This theme is exemplified in the gallery, Sacred Texts and Tales, where visitors will find beautifully decorated religious texts from across Asia. The manuscripts of the Buddhist Sutra from the 7th to 8th century is attributed to Dunhuang, Mogao Caves, China. Blue Qurán, gold writing on indigo-dyed animal skin parchment, is considered early and simply filled with the precious solemn style of an Arabic calligraphy from the 9th century. An Indian painter of the 18th century, Manaku of Guler, painted The Secret Passion of Radha and Madhava (Krishna), which is lively in an expressive painting style.
In the gallery, What is Precious?, the work demonstrates how religion and daily life are intertwined. One of the most unique pieces in the show, Kudurru (ca. 1300 BC), is a boundary stone that originated in the ancient Mesopotamia region and came from Babylonia, which is now modern Iraq. This stone was the official certificate that this gift of land came from the king and the recipient had a religious power of ownership. The Nepalese Tayo, Bride’s Necklace (late 19th century) was worn by a very young girl as a living manifestation of the goddess Durga during a festival in the Kathmandu Valley. The precious stones, such as turquoise, coral, rubies, pearl, jade, amethyst and rose quartz, testify to the wealth of trade and exchange in the region.
A long history, a highly sophisticated philosophy and wealth of culture has matured into a unique quality of high art. Well known is the brush and ink monochromatic painting tradition of Asia, which originated in China. In a room with the theme “Picturing Nature”, the relatively new acquisitions are Lotus and Ducks and Pine and Rock by Bada Shanren, both painted in the 1690s. Among cultured gentlemen of China, Shanren was unique and his paintings could break the boundaries of tradition and penetrate the heart of even the most casual onlooker, and more specifically, inspire even today’s contemporary artists.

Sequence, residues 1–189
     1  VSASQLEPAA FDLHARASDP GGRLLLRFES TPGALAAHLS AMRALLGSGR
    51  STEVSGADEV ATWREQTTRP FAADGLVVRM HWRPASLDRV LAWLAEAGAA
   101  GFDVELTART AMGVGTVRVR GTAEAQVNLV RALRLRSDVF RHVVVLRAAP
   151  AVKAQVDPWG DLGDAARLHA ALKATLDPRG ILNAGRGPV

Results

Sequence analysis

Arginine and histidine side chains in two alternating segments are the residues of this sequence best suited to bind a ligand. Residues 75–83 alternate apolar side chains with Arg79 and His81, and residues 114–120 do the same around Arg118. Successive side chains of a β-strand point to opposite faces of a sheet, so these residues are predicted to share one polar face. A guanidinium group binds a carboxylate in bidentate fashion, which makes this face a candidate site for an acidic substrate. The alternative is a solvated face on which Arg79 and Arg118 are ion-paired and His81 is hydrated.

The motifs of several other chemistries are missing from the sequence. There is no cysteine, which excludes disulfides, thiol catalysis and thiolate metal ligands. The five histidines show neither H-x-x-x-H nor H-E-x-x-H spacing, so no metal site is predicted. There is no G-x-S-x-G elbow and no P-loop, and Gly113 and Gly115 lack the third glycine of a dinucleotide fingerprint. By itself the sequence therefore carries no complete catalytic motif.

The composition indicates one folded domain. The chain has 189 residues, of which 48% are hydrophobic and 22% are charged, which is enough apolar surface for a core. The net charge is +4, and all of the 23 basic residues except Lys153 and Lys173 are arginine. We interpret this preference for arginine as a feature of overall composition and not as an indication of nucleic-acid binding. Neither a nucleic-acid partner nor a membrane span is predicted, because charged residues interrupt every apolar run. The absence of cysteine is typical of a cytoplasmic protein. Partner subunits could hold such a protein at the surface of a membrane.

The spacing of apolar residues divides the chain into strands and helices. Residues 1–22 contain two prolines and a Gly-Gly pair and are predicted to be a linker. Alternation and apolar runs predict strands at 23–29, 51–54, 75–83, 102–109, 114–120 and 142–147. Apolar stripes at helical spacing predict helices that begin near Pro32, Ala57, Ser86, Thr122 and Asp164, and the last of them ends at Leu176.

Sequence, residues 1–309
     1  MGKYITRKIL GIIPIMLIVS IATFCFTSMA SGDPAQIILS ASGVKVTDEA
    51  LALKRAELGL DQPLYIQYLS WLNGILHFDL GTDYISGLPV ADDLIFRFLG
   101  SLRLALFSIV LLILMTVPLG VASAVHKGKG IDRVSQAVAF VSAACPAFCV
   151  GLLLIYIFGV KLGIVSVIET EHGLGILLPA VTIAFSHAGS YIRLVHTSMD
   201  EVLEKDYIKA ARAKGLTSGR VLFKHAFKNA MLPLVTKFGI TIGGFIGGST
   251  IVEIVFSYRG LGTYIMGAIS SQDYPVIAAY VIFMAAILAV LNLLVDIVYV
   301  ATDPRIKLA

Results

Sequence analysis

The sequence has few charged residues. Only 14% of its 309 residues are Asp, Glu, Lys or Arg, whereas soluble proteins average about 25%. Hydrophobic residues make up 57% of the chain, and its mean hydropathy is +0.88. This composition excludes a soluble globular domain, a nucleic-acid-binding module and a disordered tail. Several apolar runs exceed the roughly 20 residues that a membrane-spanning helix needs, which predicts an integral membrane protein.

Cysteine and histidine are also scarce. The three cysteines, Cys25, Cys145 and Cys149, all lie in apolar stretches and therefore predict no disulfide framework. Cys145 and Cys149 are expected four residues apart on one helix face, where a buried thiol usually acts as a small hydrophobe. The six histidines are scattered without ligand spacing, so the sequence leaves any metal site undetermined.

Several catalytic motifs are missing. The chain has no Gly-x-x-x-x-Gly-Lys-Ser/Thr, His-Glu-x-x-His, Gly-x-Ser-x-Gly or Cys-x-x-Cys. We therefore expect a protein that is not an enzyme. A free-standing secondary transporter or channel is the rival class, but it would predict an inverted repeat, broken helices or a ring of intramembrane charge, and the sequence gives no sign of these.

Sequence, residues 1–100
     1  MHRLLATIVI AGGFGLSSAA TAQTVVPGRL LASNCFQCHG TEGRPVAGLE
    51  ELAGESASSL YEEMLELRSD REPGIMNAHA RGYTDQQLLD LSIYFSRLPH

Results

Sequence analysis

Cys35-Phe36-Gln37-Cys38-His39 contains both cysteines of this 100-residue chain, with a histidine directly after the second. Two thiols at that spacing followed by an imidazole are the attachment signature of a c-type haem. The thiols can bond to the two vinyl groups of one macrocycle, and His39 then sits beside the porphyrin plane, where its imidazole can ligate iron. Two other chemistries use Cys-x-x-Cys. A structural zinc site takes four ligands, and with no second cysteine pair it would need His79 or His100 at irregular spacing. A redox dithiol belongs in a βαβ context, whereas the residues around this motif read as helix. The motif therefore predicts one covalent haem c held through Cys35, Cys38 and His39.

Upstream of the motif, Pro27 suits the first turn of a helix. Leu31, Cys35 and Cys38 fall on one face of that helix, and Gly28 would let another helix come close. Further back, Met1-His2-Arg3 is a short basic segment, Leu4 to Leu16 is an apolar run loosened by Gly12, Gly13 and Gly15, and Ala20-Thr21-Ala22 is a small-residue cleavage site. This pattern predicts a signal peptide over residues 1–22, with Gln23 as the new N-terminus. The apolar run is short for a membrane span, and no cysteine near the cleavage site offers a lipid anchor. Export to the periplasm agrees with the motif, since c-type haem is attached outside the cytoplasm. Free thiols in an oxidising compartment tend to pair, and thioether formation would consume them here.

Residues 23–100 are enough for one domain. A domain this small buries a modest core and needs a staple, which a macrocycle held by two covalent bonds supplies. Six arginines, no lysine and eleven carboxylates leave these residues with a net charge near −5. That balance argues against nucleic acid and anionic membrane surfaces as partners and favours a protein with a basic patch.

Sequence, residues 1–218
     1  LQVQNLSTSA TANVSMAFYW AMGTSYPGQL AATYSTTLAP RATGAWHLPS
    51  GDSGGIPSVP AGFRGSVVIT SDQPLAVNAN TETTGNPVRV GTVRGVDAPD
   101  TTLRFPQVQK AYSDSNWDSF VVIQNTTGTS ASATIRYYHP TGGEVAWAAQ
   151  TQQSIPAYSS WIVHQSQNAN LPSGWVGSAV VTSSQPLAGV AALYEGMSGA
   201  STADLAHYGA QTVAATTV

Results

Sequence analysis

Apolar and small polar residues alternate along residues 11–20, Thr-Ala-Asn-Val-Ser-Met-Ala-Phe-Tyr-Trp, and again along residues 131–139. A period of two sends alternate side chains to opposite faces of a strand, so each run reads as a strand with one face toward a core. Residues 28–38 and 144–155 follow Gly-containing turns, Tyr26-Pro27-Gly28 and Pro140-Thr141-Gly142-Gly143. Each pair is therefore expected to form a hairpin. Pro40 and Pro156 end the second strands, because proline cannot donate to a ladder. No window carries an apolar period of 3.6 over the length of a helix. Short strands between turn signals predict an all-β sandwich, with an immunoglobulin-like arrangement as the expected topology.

In the room titled Are We What We Wear?, one finds it’s not simply a gathering of costumes. Japanese Pilgrim’s Coat (18th -19th century) is made out of linen with temple seals. Devout pilgrims visit many temples through a specific route, getting stamps at every location. This tradition is still very much alive and remains a popular practice in Japan with locals and foreigners alike. Hairpin Used in Boy’s Tonsuring Ceremony (ca. 1700-1900) is from Thailand. However, the custom of tonsuring a baby or child’s head can be found across the globe. A Korean photographer, Yeondoo Jung, provides an opportunity for a young woman who works at Baskin Robbins in Seoul to realize her dream of Arctic adventure in his photograph, Bewitched # 2 (2001). In the caption, there is a comment by the artist that seems to capture what it means to be young today. It reads, “Who I am is not always who I want to be.”
This is just a small portion of the long-term exhibition sorted out into 13 themes. That being said, this is a great introduction to start the new era. Yet there are still significant gaps in Asian Art history that need to be filled. One example is that though the brush and ink painting tradition originated in China and permeated Korea, it also blossomed in Vietnam.
Seattle’s Asian American communities are extremely diverse: South Indian, Bangladeshi, Bhutanese, Cambodian/Khmer, Cham, Chinese, Filipino, Hmong, Indonesian, Japanese, Korean, Lao, Malaysian, Mien, Mongolian, Nepalese, Okinawan, Punjabi, Singaporean, Sri Lankan, Taiwanese, Thai, Tibetan, Vietnamese, Pacific Islander and many Middle Eastern countries. It can be a challenge to represent them all, but for now, let’s celebrate the fact that the museum has come this far. One hopes in the future that the museum will continue to reflect the multi-cultural communities of Seattle and develop a system of communication that will be mutually beneficial to both.